Home iOS & Swift Books Apple Augmented Reality by Tutorials

ECS & Collaborative Experiences Written by Chris Language

In the early days of ARKit, it quickly became apparent that something important was missing: the ability to share augmented reality experiences among multiple users.

Later versions of ARKit addressed the issue by introducing ARWorldMap. The map contains a space-mapping state along with a set of anchors from a world-tracking AR session. This map can be shared, allowing multiple users to experience persistent AR anchors within the same space.

With the assistance of a peer-to-peer network, multiple users can share an ARWorldMap in real time, creating a collaborative experience. Using ARKit, the process is somewhat painful, requiring vast amounts of manual labor from a coding perspective.

Apple created a fantastic ARKit example project that you can explore. Find the project here: https://apple.co/31ltm2u

However, since iOS 13, you’ve been able to pair RealityKit with ARKit to automate most of the manual effort that ARKit-based apps typically require.

In this chapter, you’ll create a modern take on the classic Tic-Tac-Toe game and deliver a RealityKit-based collaborative experience. The new project will borrow from Apple’s ARKit example project, but will mainly focus on the RealityKit side of things.

It’s time to get going!

Exploring the project

There’s a starter project waiting for you in the starter/XOXO folder. The project is a basic Swift-based app that uses a classic style storyboard UI.

Load the project in Xcode so you can take a quick tour of the important components within.


Open ViewController.swift. By now, you’re very familiar with the inner workings of the ViewController.


Open MultipeerController.swift.


Open Main.storyboard and flip the orientation to landscape.


Open Info.plist.

Creating the AR View

Now that you’ve gotten the basics out of the way, you’ll start filling in the missing pieces, beginning with the AR View.

Setting the player’s color

Add the following variable to the Properties section:

var playerColor = UIColor.blue
playerColor = UIColor.blue
playerColor = UIColor.red

Sending messages

Add the following helper function to Helper Functions:

func sendMessage(_ message: String) {
  DispatchQueue.main.async {
    self.message.text = message

Creating the AR configuration

You start all AR experiences by creating an ARConfiguration and running the AR session. Well, this AR experience is no different.

func initARView() {
  arView.session.delegate = self
  arView.automaticallyConfigureSession = false
  let arConfiguration = ARWorldTrackingConfiguration()
  arConfiguration.planeDetection = [.horizontal]
  arConfiguration.environmentTexturing = .automatic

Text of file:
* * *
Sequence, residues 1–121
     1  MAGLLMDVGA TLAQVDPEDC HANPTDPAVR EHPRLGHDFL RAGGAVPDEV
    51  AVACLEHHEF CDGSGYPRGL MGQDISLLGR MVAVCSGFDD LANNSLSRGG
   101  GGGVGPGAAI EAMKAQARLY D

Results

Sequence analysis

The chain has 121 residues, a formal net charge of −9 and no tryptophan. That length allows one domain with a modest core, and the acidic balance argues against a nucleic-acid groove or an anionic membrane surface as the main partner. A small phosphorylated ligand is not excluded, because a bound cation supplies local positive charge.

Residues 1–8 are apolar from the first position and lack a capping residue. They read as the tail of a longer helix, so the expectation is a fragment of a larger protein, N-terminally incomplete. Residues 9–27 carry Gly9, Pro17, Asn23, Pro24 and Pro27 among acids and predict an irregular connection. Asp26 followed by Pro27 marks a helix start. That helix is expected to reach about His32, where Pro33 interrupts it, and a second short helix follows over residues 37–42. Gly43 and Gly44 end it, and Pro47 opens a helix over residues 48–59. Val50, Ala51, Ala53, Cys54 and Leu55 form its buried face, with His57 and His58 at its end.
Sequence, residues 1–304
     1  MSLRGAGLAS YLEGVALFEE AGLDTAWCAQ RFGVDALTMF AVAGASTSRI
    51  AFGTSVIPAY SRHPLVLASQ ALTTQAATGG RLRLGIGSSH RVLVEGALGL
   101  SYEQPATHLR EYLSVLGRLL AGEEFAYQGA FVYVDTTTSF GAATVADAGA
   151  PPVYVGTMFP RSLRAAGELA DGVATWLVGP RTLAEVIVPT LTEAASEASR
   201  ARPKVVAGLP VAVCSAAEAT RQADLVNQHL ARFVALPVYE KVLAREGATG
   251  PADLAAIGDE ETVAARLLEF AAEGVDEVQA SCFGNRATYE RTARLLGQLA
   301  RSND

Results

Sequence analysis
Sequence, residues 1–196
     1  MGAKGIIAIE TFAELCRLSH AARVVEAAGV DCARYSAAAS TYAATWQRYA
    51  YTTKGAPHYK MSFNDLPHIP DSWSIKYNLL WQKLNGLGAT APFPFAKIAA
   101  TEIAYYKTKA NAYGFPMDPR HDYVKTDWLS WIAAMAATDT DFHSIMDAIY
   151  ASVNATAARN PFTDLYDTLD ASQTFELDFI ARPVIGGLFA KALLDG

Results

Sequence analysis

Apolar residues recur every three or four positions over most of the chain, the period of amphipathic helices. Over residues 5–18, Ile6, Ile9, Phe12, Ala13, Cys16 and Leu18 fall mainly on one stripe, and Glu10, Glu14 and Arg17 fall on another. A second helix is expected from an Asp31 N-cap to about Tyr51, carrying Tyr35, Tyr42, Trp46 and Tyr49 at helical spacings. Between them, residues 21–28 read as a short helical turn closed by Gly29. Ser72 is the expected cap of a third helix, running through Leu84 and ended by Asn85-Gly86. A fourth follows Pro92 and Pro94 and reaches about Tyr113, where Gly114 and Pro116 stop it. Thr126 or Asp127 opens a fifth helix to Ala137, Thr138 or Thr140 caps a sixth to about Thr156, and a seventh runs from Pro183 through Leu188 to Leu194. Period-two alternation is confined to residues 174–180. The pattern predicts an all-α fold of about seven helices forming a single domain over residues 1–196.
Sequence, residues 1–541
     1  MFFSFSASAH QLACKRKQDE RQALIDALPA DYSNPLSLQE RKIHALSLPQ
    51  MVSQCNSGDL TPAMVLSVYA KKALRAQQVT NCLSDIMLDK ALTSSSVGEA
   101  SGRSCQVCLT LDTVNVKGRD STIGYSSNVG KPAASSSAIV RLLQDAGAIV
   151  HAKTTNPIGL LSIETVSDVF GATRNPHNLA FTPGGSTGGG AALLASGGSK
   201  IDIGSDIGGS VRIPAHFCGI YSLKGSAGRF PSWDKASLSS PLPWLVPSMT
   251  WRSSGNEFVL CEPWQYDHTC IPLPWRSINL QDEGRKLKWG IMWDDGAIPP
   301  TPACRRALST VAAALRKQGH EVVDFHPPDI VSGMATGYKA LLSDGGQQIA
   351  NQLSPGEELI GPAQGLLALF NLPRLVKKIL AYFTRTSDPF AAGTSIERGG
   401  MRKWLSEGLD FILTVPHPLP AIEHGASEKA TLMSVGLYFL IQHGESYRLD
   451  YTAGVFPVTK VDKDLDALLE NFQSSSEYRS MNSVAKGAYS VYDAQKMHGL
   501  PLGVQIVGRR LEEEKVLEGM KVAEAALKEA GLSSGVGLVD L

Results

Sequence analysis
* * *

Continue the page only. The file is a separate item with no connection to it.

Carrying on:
What is ECS?

When using the RealityKit framework to create content for your AR experiences, it’s important to note that the framework runs a CPU-based entity-component system (ECS) to manage physics, animations, audio processing and network synchronization. The framework then relies on Metal for GPU-based multithreaded rendering.

Predefined entities

With RealityKit, you can easily create your own custom entities with custom behaviors based on the various components you add to them.

Creating the game board

Now that you have some background, it’s time to create some of your very own entities, starting with the game board.

var gridModelEntityX:ModelEntity?
var gridModelEntityY:ModelEntity?
var tileModelEntity:ModelEntity?

Creating the model entities

Look carefully at the game board and you can see that the entire board is constructed out of just three distinct shapes: the two grid bars and the square tiles. You’ll create those shapes next.

func initModelEntities() {
  // 1
  gridModelEntityX = ModelEntity(
    mesh: .generateBox(size: SIMD3(x: 0.3, y: 0.01, z: 0.01)),
    materials: [SimpleMaterial(color: .white, isMetallic: false)]
  // 2  
  gridModelEntityY = ModelEntity(
    mesh: .generateBox(size: SIMD3(x: 0.01, y: 0.01, z: 0.3)),
    materials: [SimpleMaterial(color: .white, isMetallic: false)]
  // 3  
  tileModelEntity = ModelEntity(
    mesh: .generateBox(size: SIMD3(x: 0.07, y: 0.01, z: 0.07)),
    materials: [SimpleMaterial(color: .gray, isMetallic: true)]
  // 4  
  tileModelEntity!.generateCollisionShapes(recursive: false)

Cloning model entities

Now that you’ve created the three main shapes, you’ll use them to construct the game board. Instead of re-creating each element from scratch, you’ll clone the original entities.

func cloneModelEntity(_ modelEntity: ModelEntity,
  position: SIMD3<Float>) -> ModelEntity {
  let newModelEntity = modelEntity.clone(recursive: false)
  newModelEntity.position = position
  return newModelEntity

Adding the grid

Now, you’re going to use the helper function above to create the grid. Add the following function to Model Entity Functions:

func addGameBoardAnchor(transform: simd_float4x4) {
  // 1
  let arAnchor = ARAnchor(name: "XOXO Grid", transform: transform)
  let anchorEntity = AnchorEntity(anchor: arAnchor)
  // 2
    position: SIMD3(x: 0.05, y: 0, z: 0)))
    position: SIMD3(x: -0.05, y: 0, z: 0)))
    position: SIMD3(x: 0.0, y: 0, z: 0.05)))
    position: SIMD3(x: 0.0, y: 0, z: -0.05)))

Adding the tiles

With the grid out of the way, you need to add the tiles to the game board. There are nine slots to fill.

  position: SIMD3(x: -0.1, y: 0, z: -0.1)))
  position: SIMD3(x: 0, y: 0, z: -0.1)))
  position: SIMD3(x: 0.1, y: 0, z: -0.1)))
  position: SIMD3(x: -0.1, y: 0, z: 0)))
  position: SIMD3(x: 0, y: 0, z: 0)))
  position: SIMD3(x: 0.1, y: 0, z: 0)))
  position: SIMD3(x: -0.1, y: 0, z: 0.1)))
  position: SIMD3(x: 0, y: 0, z: 0.1)))
  position: SIMD3(x: 0.1, y: 0, z: 0.1)))

Adding the anchor

Now that you’ve now completed the grid and all the tiles, your next step is to add the game board to the AR scene.

// 1
anchorEntity.anchoring = AnchoringComponent(arAnchor)
// 2
// 3
arView.session.add(anchor: arAnchor)

Placing content

Now that your game board is ready to place in the scene, you need some user input to know where to place it. All the user needs to do is tap the horizontal surface and the game board should appear in that position. Your next step is to ensure the app recognizes the user’s tap.

Creating a tap gesture

You’ll start by creating a basic tap gesture to handle user touch input.

func initGestures() {
  // 1
  let tap = UITapGestureRecognizer(
    target: self, 
    action: #selector(handleTap))
  // 2

Handling tap gestures

But hang, on there’s an error. You still need to define handleTap().

@objc func handleTap(recognizer: UITapGestureRecognizer?) {

Getting the touch location

After the user taps the screen, you’ll cast a ray into the scene to see where on the surface the tap actually occurred. This lets you position the game board just where they want it.

guard let touchLocation = 
  recognizer?.location(in: self.arView) else { return }

Tapping a surface